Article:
The World Cup with 32 teams was perfect: eight groups of four and then a knockout phase.
Why on earth would anyone want to change that if not for the chance to make more money from the world's greatest sporting event?
Football's governing body has declared with a straight face that an expanded World Cup would not dilute the competition's standard and would give more smaller nations a glorious chance to be at the big table.
Many of the game's stakeholders abroad and in Australia have welcomed president Gianni Infantino's decision to award mediocrity with a spot in the World Cup which is supposed to be an elite event.
Sorry, call me old-fashioned, narrow-minded, elitist or plain negative, but I fail to see the benefits for the Socceroos from this momentous decision other than the almost certainty of qualifying for every World Cup from here to eternity.
What the revised size of the competition means is that FIFA will most probably increase Asia's allocation of spots in the tournament to 8.5 with a possibility of nine.
If the Asian Football Confederation are smart, the continent's top eight teams would be seeded in eight final qualifying groups so Australian fans will have to forget about such titanic tussles to the death with the likes of old rivals Japan, South Korea, Iran and Saudi Arabia for the right to play in the finals.
The fans will have to make do with a set of mouth-watering confrontations with such teams as United Arab Emirates, Oman, Jordan, Vietnam and bella compania for the right to play in the finals. Can't wait for those ones.
The idea behind Football Federation Australia's moves in 2005 to abandon Oceania in favour of Asia was to give our football much-needed, meaningful competition.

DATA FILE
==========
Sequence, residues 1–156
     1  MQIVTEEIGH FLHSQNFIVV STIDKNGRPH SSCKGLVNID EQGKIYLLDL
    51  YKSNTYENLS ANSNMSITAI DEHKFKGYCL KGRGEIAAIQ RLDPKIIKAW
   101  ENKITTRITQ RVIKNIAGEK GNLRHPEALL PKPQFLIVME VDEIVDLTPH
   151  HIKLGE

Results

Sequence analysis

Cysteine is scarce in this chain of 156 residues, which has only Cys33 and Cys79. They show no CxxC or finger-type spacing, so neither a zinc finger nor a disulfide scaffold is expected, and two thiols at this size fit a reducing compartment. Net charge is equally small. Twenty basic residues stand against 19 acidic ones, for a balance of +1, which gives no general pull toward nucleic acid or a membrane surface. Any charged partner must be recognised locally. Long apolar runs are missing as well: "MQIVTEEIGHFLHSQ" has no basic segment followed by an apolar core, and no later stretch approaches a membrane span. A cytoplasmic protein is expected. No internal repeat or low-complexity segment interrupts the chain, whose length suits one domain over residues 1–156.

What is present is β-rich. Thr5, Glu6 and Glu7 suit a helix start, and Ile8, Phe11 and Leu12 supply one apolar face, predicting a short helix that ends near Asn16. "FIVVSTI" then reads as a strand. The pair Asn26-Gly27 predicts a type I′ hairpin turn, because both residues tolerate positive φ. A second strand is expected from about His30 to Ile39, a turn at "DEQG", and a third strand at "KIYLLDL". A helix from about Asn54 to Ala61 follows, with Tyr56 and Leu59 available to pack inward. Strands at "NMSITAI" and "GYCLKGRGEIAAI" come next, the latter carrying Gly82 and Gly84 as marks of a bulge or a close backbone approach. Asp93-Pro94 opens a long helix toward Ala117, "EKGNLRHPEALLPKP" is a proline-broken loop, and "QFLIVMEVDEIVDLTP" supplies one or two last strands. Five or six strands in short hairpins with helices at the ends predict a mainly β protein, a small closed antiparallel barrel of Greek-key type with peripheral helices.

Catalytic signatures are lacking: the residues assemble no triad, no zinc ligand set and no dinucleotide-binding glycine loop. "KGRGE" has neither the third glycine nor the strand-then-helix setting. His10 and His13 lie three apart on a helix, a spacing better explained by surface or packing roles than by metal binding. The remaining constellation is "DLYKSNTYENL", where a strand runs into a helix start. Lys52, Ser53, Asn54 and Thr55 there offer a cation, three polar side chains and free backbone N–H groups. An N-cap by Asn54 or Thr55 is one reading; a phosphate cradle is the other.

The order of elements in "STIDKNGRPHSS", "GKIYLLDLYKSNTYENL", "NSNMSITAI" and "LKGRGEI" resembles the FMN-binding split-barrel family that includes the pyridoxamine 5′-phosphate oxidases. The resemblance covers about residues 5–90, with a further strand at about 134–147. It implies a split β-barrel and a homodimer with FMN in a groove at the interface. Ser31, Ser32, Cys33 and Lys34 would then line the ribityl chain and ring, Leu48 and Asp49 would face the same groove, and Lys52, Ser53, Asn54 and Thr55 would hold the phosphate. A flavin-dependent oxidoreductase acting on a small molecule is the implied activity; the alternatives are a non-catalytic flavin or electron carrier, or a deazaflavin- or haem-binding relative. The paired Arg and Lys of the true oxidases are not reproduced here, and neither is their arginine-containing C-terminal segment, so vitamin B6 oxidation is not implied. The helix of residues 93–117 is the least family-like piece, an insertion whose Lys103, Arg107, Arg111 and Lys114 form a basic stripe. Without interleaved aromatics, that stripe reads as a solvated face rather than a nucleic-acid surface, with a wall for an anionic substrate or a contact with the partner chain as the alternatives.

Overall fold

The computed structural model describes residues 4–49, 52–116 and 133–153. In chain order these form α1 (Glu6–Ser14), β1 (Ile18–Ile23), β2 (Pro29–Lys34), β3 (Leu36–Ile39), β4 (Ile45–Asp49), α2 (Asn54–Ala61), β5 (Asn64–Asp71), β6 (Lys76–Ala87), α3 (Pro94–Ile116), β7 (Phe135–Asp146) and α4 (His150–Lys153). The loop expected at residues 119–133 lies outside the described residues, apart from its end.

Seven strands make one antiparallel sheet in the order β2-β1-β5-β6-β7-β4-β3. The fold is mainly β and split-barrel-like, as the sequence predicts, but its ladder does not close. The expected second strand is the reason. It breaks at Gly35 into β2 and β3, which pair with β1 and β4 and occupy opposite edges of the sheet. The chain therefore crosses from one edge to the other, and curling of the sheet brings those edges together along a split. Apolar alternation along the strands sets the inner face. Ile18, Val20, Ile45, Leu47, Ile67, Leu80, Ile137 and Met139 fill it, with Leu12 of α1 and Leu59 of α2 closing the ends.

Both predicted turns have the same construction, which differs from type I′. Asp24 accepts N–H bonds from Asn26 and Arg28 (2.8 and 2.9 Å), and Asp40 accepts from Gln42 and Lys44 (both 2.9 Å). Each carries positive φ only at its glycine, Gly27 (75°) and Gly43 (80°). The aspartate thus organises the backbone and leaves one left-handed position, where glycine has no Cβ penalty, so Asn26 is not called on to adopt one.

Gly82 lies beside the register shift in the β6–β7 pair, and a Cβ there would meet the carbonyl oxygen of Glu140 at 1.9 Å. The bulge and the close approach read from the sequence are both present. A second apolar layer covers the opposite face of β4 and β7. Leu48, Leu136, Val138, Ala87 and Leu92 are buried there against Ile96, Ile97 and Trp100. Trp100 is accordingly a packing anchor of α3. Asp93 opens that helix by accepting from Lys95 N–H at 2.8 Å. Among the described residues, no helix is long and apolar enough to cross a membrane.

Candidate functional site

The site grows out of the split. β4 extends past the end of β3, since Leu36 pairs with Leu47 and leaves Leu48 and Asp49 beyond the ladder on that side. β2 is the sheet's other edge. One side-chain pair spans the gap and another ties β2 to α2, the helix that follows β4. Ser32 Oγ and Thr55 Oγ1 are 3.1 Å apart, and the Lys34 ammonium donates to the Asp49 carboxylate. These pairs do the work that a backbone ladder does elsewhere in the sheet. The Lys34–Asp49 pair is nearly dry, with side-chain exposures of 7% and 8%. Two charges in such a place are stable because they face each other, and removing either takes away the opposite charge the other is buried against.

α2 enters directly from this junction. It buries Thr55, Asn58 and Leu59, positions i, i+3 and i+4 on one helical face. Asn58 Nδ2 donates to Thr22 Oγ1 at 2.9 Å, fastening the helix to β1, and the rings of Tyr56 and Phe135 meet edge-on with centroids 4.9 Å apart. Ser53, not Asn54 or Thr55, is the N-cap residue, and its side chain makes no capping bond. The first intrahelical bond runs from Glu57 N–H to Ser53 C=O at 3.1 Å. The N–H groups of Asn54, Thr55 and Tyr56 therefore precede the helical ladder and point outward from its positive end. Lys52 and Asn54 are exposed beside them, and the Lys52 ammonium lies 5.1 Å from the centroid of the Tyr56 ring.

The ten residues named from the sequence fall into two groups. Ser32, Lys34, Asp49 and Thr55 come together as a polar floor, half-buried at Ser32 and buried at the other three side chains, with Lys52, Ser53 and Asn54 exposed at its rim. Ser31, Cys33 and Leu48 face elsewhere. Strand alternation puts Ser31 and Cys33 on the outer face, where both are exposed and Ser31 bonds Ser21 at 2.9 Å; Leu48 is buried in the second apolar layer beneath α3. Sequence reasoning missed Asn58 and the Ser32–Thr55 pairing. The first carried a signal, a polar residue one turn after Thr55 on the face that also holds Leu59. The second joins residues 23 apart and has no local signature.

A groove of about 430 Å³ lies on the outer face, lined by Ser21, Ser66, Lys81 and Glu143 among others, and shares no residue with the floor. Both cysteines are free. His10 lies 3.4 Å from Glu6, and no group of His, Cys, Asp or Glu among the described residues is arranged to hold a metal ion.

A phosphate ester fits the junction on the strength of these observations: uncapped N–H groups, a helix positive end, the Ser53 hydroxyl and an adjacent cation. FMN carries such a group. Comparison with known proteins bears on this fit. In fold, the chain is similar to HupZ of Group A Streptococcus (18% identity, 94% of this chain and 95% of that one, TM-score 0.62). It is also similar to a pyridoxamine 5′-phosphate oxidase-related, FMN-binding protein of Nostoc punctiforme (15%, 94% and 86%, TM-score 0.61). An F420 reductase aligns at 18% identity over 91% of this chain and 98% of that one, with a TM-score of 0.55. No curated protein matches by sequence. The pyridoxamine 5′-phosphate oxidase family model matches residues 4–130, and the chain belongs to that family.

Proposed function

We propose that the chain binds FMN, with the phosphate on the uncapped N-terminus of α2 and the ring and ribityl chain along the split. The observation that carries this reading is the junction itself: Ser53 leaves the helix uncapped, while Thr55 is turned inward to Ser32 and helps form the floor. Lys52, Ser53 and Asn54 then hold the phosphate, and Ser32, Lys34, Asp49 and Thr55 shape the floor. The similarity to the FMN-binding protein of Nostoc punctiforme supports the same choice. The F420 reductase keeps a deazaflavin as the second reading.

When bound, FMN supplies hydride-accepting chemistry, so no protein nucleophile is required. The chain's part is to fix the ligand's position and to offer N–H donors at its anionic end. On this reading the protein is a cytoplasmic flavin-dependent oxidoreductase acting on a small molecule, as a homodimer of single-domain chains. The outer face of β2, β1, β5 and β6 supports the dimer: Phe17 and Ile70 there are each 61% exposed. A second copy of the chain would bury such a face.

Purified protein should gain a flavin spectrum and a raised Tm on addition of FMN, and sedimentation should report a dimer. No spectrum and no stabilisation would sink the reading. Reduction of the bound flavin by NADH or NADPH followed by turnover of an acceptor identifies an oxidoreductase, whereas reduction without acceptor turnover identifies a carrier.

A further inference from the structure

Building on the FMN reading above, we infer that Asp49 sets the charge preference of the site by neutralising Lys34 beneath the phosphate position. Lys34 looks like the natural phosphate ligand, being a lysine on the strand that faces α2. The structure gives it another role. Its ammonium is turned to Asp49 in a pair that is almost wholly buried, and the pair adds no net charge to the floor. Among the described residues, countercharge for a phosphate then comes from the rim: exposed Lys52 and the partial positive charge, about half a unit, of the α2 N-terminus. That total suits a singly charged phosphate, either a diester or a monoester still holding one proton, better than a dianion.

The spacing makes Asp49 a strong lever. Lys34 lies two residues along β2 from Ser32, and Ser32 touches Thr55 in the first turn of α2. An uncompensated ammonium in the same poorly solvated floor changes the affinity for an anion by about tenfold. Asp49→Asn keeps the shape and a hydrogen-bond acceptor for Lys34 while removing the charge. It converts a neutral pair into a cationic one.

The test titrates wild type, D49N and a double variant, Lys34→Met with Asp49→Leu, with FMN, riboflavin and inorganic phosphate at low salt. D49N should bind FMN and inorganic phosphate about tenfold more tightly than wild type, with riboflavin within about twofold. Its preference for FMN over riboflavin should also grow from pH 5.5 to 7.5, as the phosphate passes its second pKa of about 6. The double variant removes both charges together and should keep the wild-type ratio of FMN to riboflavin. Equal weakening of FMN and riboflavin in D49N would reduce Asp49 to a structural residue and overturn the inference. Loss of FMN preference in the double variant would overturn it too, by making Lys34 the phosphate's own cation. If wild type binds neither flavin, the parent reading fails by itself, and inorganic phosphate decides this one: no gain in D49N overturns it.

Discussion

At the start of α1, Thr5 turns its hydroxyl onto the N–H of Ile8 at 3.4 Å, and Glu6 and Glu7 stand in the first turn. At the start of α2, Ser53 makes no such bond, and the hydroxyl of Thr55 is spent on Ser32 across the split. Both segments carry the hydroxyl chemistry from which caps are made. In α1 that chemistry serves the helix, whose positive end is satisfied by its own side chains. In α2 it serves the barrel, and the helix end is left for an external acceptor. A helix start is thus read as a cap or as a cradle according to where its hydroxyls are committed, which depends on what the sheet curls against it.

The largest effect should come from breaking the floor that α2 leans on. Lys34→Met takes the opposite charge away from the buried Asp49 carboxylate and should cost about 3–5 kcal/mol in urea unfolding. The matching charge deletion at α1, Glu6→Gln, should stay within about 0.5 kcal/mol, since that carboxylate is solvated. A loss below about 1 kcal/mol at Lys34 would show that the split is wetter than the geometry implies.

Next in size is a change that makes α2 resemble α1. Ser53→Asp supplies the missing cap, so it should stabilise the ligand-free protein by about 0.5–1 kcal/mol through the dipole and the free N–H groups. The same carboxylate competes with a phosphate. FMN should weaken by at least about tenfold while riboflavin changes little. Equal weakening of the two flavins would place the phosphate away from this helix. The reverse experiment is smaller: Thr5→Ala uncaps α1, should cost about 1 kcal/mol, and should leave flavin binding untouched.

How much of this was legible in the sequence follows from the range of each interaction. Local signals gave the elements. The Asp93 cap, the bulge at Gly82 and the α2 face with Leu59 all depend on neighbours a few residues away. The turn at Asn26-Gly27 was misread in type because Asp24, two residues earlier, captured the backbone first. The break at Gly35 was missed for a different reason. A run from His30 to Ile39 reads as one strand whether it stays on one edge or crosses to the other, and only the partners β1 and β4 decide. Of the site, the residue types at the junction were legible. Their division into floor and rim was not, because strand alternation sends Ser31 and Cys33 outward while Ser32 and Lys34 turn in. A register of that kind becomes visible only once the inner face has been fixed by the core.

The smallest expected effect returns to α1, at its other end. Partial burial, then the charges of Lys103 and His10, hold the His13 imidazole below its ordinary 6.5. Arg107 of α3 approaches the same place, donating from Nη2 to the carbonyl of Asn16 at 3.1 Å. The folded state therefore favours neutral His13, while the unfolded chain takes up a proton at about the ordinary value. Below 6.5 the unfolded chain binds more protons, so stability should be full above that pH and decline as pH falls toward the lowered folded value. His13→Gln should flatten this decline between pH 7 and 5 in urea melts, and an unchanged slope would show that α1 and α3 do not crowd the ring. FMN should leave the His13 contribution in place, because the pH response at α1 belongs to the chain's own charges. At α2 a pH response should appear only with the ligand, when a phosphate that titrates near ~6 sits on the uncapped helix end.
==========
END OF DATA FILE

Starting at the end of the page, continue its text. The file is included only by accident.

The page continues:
Too often the Socceroos were found wanting when it came to qualifying for a World Cup because effectively they had to play one tough tie every four years with no second chance.
Australia's liaison with Asia has made the national team more battle hardened and it also has lifted the standard of our game from a broader perspective, as can be seen from club football and the women's game.
It is not suggested that the second tier of Asia's football is on a par with that of Oceania - with all respect to New Zealand - but it would come as a major sensation if the Australians failed to reach the World Cup finals when they would have no Japanese, Koreans, Iranians and Saudis to contend with.
When disgraced FIFA president Sepp Blatter announced in 2003 that Oceania would get direct entry to the World Cup, many Australians including myself could not contain themselves with joy and expectation.
Yet Warren, who saw things few of us saw, looked at the bigger picture and was not a happy chappy.
Warren insisted that Australian football's best interests would not be served by such an easy path to glory. He was adamant the Socceroos would be much better off earning qualification the hard way rather than by being presented with it on a plate.
FIFA overturned that decision essentially to appease the South Americans who felt hard done by with just four guaranteed spots and subsequent events have proven Warren completely right, of course.
FFA will gladly accept an increased remuneration for playing in the World Cup as every national association would but they must also be prepared for much smaller gates during a qualification campaign many would see as a fait accompli, a foregone conclusion.
More importantly, FFA must also be prepared to go back to the game's past by having to deal with sub-standard teams on a regular basis in a situation Oxford Street wanted out from a decade ago.
We would play regularly in the World Cup, maybe reach the last 32 or 16 occasionally but we would never improve as a football nation because we would have nobody strong enough to test ourselves with in the intervening years.
The AFC Asian Cup is important but let's not forget that Iran are the continent's highest ranked team at 29 in the world.
I seriously believe this 48-team World Cup is not the godsend it is cracked up to be.
More like a devil in disguise.